To detect any potential simultaneity between the tax effort and the shadow economy—both perhaps caused by the quality of institutions—we use the instrumental variable approach. We follow Schneider (2005) and others in assuming that differences in the shadow economy across countries could be explained by the differences in tax (and social security contribution) burden; quality of institutions (or more precisely, intensity/enforcement of regulations); quality and quantity of public sector services; and income level. To proxy for the tax burden, we used the highest marginal corporate tax rate, CORPTAX, across countries as reported by the World Bank. ICRG’s composite measure of the quality of institutions, COMPOSITE, was used as a proxy for institutional development as well as of social services provision. To capture any potential non-linearity between quality of institutions and shadow economy, we added the squared value of this indicator, COMPOSITE-SQ, as a regressor. To account for the impact of political/social violence on the incentives of the private sector to go underground, we included a dummy variable VIOLENCE, compiled using the dataset provided by the Center for Systemic Peace.28 A positive sign is expected for the estimated coefficient on VIOLENCE.

The results of the first stage regression are presented in Table 9. The random effects specification (column 2) was rejected in favor of fixed effects specification (column 3).29 The OLS specification contained in column 1 is reported for comparison purposes only. As expected, countries with a higher level of GDP per capita have lower levels of shadow activity. Similarly, while the coefficient on VIOLENCE is not significant (with the exception of one specification, see below), it is positive, suggesting that countries with a lower level of political and social conflict are likely to have lower levels of shadow activity. The coefficients on COMPOSITE and COMPOSITE-SQ suggest that, while improvements in bureaucratic quality reduce the incentives to go underground, this impact is likely to be lower, the higher the level of institutional quality. Oddly enough, the coefficient on CORPTAX is negative suggesting that excessively high tax rates may reduce incentives to join the shadow economy, a finding that has also been reported in other studies of the shadow economy (e.g., Friedman et. al., 2000). This finding may imply that the benefits of higher tax rates may actually outweigh the costs of avoiding them (especially if they are accompanied by stricter punishments for non-compliance). Finally, the negative and significant impact of inflation, as a proxy for the quality of macroeconomic management, on the shadow economy is consistent with the observation that the inflation tax is faced by every individual regardless of whether one operates in the shadow economy. As a result, there is every reason to make use of public goods and services by joining the formal sector when inflation is high rather than when it is low.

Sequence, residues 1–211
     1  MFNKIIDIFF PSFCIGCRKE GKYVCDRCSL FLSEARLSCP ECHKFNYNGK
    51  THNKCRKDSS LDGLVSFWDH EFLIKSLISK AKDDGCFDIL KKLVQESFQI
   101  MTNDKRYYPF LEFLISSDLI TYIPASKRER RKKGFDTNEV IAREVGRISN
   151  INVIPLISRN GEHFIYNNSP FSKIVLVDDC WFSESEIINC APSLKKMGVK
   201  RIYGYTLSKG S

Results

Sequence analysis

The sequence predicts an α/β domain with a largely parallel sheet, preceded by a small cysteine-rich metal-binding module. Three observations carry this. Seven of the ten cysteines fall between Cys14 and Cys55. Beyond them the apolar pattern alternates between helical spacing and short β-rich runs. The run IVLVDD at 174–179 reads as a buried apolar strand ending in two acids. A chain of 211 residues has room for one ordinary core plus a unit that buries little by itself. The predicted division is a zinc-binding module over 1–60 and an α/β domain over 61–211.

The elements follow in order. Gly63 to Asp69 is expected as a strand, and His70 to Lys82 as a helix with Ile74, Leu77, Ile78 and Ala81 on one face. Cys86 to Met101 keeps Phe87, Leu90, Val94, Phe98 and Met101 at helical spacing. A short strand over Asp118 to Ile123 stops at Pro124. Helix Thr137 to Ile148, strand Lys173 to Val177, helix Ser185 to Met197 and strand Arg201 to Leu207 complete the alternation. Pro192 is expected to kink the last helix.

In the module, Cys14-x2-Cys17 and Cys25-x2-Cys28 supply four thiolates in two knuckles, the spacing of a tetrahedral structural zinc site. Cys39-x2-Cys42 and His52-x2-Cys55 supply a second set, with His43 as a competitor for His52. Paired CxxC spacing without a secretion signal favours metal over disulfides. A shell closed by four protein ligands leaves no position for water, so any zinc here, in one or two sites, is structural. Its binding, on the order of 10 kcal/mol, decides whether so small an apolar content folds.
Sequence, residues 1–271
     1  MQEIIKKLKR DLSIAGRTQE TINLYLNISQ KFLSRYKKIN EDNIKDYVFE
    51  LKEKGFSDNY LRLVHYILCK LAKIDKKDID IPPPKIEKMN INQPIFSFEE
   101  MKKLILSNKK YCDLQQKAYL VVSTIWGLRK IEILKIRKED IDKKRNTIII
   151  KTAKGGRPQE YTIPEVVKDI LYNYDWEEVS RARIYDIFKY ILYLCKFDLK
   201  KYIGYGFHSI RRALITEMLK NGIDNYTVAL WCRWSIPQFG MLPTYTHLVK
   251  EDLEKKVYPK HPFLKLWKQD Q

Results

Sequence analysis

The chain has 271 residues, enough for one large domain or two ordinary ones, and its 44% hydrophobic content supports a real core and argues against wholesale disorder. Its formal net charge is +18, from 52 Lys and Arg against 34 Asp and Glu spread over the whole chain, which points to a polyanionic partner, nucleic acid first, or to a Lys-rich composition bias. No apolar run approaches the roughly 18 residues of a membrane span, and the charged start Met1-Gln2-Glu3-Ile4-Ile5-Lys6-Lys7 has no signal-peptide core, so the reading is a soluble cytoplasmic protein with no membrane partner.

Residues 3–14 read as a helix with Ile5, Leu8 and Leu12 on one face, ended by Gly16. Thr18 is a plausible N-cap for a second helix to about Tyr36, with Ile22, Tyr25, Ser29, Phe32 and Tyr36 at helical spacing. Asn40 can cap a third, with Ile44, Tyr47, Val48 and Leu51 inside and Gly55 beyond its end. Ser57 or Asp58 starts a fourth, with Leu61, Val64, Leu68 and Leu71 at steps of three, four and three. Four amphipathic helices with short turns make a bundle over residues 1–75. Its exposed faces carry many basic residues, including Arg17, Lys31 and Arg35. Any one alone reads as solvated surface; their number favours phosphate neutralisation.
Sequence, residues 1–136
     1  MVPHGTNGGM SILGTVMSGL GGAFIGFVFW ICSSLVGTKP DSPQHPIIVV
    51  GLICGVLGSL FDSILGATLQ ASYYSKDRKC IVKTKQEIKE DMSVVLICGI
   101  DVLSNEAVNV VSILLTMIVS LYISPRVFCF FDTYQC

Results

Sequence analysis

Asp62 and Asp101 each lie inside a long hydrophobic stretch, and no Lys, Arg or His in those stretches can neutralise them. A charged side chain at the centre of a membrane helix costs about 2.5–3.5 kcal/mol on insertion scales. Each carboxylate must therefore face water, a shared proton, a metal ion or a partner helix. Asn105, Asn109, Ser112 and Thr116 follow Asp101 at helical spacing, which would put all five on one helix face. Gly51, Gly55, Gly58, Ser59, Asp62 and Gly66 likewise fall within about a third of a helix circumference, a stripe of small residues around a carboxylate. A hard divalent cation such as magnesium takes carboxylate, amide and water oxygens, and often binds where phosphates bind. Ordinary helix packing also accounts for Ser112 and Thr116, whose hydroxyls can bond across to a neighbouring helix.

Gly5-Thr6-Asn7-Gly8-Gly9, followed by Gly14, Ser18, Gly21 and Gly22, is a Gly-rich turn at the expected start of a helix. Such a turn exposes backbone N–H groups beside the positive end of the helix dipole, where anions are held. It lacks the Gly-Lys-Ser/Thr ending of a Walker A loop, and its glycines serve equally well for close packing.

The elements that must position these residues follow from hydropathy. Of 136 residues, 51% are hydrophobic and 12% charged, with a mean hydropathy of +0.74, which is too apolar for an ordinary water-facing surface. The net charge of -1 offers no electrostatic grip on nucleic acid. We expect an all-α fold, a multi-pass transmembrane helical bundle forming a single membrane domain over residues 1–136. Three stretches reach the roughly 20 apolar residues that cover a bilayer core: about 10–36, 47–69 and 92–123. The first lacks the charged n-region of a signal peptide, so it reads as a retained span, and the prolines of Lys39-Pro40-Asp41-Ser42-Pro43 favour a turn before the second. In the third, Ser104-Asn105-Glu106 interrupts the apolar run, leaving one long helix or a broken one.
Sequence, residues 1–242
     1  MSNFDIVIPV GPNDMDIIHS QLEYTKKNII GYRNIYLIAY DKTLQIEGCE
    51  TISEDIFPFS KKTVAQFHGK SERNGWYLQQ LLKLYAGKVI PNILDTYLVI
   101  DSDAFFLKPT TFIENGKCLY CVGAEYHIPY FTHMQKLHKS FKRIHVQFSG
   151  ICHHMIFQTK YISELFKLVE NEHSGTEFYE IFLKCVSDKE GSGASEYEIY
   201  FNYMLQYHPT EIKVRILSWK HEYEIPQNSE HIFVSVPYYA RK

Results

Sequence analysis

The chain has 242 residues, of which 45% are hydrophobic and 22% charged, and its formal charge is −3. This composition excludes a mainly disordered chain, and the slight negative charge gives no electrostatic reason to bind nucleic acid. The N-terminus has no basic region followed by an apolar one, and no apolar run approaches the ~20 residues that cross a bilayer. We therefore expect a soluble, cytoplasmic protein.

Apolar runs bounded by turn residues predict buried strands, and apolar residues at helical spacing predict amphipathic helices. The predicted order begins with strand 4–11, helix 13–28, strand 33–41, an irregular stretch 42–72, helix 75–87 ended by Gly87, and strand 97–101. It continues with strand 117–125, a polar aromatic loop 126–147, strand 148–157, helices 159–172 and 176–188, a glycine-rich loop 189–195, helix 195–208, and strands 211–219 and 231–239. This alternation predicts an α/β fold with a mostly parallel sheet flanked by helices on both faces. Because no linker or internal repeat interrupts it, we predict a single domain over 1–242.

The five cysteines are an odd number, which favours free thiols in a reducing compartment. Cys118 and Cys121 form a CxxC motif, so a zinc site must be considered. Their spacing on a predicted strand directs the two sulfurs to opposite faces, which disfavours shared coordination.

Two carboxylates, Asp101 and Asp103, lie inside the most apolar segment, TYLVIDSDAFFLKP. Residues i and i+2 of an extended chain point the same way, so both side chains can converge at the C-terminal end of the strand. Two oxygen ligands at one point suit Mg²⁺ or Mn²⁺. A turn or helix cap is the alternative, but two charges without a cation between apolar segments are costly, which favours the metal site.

Table 9.

First Stage Panel Regression Results

Dependent Variable Shadow Economy as a percent of GDP

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Absolute value of t statistics in parentheses.Note: * implies significance at 10 percent; ** at 5 percent; *** at 1 percent confidence level.

To test for the robustness of these results, we also replaced COMPOSITE with the ICRG measure of quality of bureaucracy (BUREAUCRATIC). Results are similar to those obtained using COMPOSITE and are reported in column 4. Finally, in column 5 we reported the outcome of the regression without the CORPTAX, the variable with the smallest number of observations. While not significantly different from the results reported in columns 1-4, this specification allows for the use of a much larger sample of countries, a feature that makes this specification attractive for use in robustness tests in the second stage regressions below. Specifications 3 and 5 were used to get the fitted values of the dependent variables denoted by SHADOW-hat and SHADOW-hat2, respectively, to be used for an estimation of equation 1.30 With this in mind, we now turn to the discussion of the main results. The results of the estimation of equation 1 are reported in Table 10. Again, the fixed-effects model was picked (column 2).31 All key variables of interest have the predicted signs.32 As hypothesized, the effect of per capita income (GDPPC) on tax collection is positive and is consistent with the results of most studies cited above.33 As expected, the impact of institutional quality on tax collection is positive and significant. This is consistent with the findings of Tanzi and Davoodi (2000) and Bird, Martinez-Vazquez, and Torgler (2004) and provides evidence of a direct channel for the impact of institutions on tax collection (apart from the indirect impact that institutions have through shadow economic activity). Regarding the impact of the shadow economy, here again the (negative) sign and significance are as expected. Its magnitude implies approximately a 1.5 percent of GDP increase in tax collection for every 10 percentage point drop in the shadow economy ratio.

Table 10.

Second Stage Panel Regression Results

Dependent Variable: Total Tax Revenue as a percent of GDP